Conclusion: Our study found that transposable elements and other repetitive DNA accumulate in certain regions in the assembled T. castaneum genome. Several lines of evidence suggest these regions are derived from the large blocks of pericentric heterochromatin in T. castaneum chromosomes.

Show MeSH
Distribution of microsatellites, minisatellites and satellites on each chromosome of the T. castaneum genome.
© Copyright Policy - open-access
Related In: Results  -  Collection

License
getmorefigures.php?uid=PMC2397513&req=5

Figure 1: Distribution of microsatellites, minisatellites and satellites on each chromosome of the T. castaneum genome.

Mentions: In Tribolium, micro- and minisatellites are evenly distributed between chromosomes, including the concatenated group of unmapped scaffolds, but certain chromosomes contain more long satellites (>100 bp) than others (Figure 1). Such variability may reflect real differences in the organizational structure of each chromosome or it might simply be an artifact caused by the assembly status of the genome, especially in light of the large number of scaffolds containing long satellites that lack chromosome assignments.


Analysis of repetitive DNA distribution patterns in the Tribolium castaneum genome.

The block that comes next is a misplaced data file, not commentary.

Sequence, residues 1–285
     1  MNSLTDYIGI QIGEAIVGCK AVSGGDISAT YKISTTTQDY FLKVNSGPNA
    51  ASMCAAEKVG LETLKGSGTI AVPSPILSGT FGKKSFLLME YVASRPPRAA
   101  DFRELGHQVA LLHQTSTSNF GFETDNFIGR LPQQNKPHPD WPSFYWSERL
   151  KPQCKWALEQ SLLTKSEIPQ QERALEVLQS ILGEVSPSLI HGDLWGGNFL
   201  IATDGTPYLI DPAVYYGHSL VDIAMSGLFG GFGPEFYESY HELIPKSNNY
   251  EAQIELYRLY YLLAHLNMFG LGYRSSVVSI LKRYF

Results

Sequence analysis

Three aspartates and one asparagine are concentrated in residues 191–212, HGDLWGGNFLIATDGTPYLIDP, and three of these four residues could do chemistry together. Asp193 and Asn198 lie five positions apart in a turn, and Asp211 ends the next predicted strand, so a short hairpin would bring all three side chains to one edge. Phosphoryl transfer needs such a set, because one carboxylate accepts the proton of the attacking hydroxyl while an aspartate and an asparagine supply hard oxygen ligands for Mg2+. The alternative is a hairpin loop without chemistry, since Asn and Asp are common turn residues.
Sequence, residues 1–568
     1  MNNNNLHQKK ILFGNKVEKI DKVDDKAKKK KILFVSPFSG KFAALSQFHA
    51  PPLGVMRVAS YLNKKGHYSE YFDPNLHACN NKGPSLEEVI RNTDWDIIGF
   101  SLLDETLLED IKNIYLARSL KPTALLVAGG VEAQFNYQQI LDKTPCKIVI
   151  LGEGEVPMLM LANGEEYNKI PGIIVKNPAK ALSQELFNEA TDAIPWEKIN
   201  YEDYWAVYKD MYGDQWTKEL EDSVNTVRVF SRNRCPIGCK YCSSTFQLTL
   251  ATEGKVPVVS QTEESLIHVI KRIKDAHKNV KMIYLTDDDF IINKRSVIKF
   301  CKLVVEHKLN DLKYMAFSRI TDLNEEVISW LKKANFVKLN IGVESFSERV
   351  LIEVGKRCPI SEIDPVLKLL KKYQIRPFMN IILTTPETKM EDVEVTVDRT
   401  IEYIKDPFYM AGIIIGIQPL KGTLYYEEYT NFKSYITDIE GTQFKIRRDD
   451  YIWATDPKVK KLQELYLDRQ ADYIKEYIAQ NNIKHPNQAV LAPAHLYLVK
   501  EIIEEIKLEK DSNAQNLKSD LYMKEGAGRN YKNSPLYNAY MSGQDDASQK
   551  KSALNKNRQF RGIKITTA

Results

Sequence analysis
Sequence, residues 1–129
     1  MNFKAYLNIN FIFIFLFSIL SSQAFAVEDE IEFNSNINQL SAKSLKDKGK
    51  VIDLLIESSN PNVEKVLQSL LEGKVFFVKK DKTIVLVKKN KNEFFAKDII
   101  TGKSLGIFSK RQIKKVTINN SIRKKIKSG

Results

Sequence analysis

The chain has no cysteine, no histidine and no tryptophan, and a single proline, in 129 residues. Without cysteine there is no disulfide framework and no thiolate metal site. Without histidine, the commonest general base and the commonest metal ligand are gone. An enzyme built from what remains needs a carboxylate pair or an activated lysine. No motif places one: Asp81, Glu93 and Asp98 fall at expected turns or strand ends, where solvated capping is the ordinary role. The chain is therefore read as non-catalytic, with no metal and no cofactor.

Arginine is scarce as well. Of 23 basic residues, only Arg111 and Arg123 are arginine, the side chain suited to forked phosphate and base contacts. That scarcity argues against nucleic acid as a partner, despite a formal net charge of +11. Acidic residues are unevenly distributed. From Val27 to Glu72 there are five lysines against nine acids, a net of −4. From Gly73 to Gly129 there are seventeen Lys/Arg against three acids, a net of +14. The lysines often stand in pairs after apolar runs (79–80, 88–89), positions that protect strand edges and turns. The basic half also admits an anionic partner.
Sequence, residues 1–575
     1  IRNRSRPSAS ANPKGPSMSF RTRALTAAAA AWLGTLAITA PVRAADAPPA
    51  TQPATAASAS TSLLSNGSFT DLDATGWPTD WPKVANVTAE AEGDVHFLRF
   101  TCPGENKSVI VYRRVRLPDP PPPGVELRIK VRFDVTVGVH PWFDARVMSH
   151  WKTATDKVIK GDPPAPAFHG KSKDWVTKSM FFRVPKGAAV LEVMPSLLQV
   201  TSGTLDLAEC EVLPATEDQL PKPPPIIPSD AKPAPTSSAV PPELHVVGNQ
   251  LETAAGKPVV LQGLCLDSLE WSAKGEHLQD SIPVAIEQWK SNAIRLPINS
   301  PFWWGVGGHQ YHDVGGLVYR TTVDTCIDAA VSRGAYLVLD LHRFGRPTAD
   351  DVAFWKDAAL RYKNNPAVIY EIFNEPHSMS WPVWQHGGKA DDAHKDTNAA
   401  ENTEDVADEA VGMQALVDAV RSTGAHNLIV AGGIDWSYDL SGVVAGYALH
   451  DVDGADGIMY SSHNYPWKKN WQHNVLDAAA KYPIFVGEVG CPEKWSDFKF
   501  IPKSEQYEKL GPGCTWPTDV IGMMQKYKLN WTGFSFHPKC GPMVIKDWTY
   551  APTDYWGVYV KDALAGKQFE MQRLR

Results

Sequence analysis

Wang S, Lorenzen MD, Beeman RW, Brown SJ - Genome Biol. (2008)

Distribution of microsatellites, minisatellites and satellites on each chromosome of the T. castaneum genome.
© Copyright Policy - open-access
Related In: Results  -  Collection

License
Show All Figures
getmorefigures.php?uid=PMC2397513&req=5

Figure 1: Distribution of microsatellites, minisatellites and satellites on each chromosome of the T. castaneum genome.
Mentions: In Tribolium, micro- and minisatellites are evenly distributed between chromosomes, including the concatenated group of unmapped scaffolds, but certain chromosomes contain more long satellites (>100 bp) than others (Figure 1). Such variability may reflect real differences in the organizational structure of each chromosome or it might simply be an artifact caused by the assembly status of the genome, especially in light of the large number of scaffolds containing long satellites that lack chromosome assignments.